What better information for identifying exon and intron boundaries than transcribed and processed messenger RNA? Paired-end and long-read RNA sequencing are especially useful for gene annotation. Align the mRNA reads to the genome and import alignments to a genome browser to guide manual annotation. Antennal mRNA-sequencing revealed many odorant receptor genes in an expanded and divergent “9-exon” clade in social wasp genomes (Figure 1).

This is a screenshot of the Geneious genome browser showing a ~40 Kb region of a wasp genome encoding a tandem array of rapidly evolving odorant receptor genes. In blue above the gene annotations, the depth of coverage of antennal mRNA reads is shown, corresponding to the mRNA reads aligned to the genome on the bottom track. The upper gene models are manually annotated odorant receptor genes. The lower gene models are ab initio predictions from automated annotation. From supplementary figure S9 (Legan et al. 2021).

4.) Gene structure homology: 

While rapidly evolving genes may be too divergent for sequence homology to be useful, the exon-intron structures of genes tend to be more conserved. This is illustrated by the odorant receptor genes in Figure 1. This clade is called the “9-exon” subfamily because each has nine exons, and these exons are of stereotypical lengths. The conserved nature of homologous gene structure was leveraged by Drs. Clair Han and David Stern in their search for gall effector genes of the Hemipteran bicycle gene family. Using a custom logistic regression classifier informed by gene structure homology, they uncovered many putative bicycle genes in aphids, phylloxerids, and coccids (Stern and Han 2022).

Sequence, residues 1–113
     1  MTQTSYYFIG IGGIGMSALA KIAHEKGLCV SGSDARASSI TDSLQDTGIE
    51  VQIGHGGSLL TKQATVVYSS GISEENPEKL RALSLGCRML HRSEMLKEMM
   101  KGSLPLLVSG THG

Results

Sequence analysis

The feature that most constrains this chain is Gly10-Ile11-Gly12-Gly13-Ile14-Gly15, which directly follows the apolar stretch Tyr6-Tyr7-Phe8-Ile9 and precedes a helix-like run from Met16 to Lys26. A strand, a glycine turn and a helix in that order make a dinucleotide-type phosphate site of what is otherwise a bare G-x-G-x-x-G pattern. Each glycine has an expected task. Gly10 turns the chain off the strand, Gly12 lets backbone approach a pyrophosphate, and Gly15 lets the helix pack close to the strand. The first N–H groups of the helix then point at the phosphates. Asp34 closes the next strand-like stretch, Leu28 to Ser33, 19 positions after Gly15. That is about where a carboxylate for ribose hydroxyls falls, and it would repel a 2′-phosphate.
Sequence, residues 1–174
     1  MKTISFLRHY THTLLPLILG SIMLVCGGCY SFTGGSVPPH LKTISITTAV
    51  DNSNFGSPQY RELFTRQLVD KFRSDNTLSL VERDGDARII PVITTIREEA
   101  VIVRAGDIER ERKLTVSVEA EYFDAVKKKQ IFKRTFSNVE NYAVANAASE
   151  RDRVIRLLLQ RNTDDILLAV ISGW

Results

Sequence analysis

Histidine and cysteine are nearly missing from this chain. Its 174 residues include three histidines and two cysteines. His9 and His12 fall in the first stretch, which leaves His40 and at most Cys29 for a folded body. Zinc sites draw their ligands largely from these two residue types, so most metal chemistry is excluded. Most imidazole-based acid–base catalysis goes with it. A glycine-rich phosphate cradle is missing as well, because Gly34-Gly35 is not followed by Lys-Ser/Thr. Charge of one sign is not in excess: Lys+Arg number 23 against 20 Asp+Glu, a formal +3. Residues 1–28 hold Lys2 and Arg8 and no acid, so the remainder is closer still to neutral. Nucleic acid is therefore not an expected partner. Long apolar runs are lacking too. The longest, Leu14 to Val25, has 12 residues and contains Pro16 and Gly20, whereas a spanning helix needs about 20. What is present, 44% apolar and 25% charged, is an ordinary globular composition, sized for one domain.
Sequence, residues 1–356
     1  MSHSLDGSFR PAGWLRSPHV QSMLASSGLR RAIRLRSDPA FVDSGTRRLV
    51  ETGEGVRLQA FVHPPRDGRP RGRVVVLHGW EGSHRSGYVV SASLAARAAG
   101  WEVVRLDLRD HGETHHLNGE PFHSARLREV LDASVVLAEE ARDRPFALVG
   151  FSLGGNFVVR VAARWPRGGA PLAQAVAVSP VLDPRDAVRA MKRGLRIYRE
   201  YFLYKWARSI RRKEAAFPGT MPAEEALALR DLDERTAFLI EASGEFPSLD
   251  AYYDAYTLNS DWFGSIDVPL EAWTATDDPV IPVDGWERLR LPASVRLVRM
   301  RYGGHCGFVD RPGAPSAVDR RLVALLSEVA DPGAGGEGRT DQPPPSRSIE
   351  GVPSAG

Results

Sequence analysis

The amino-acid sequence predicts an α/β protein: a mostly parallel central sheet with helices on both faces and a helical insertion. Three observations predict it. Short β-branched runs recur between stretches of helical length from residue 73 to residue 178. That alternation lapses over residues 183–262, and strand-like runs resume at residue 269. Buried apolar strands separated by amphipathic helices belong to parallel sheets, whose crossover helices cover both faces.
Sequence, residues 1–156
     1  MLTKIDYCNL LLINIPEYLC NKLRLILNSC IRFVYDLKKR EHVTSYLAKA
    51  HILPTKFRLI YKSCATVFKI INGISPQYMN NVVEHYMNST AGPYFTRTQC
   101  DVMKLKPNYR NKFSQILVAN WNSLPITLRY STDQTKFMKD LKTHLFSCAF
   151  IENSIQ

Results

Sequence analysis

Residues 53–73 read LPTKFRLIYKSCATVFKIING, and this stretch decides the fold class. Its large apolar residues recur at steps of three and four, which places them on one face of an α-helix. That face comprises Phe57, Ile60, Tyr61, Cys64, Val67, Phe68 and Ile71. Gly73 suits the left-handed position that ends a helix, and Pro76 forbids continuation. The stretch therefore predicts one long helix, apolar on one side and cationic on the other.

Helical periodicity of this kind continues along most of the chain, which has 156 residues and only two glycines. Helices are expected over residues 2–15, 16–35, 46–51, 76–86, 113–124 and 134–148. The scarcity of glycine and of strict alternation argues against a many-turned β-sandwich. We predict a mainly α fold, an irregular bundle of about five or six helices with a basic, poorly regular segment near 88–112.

5.) Outcome: 

The last step is combining all these lines of evidence to design accurate gene models. When deciding which evidence to prioritize in determining a particular gene structure, the March 2016 guidelines by the Human and Vertebrate Analysis and Annotation group are helpful, and many guidelines like canonical splice sites, start and stop codons apply to invertebrates as well.

In my opinion, the best approach to multigene family annotation integrates genomic and transcriptomic evidence which, while potentially expensive, permits accurate annotation of multigene families and creates new opportunities for research on non-model organisms.



Korgaonkar, A., Han, C., Lemire, A. L., Siwanowicz, I., Bennouna, D., Kopec, R. E., Andolfatto, P., Shigenobu, S., & Stern, D. L. (2021). A novel family of secreted insect proteins linked to plant gall development. Current Biology, 31(9), 1836-1849.

Legan, A. W., Jernigan, C. M., Miller, S. E., Fuchs, M. F., & Sheehan, M. J. (2021). Expansion and accelerated evolution of 9-exon odorant receptors in Polistes paper wasps. Molecular biology and evolution, 38(9), 3832-3846.

Stern, D. L., & Han, C. (2022). Gene structure-based homology search identifies highly divergent putative effector gene family. Genome biology and evolution, 14(6), evac069.

Zhou, X., Rokas, A., Berger, S. L., Liebig, J., Ray, A., & Zwiebel, L. J. (2015). Chemoreceptor evolution in Hymenoptera and its implications for the evolution of eusociality. Genome biology and evolution, 7(8), 2407-2416.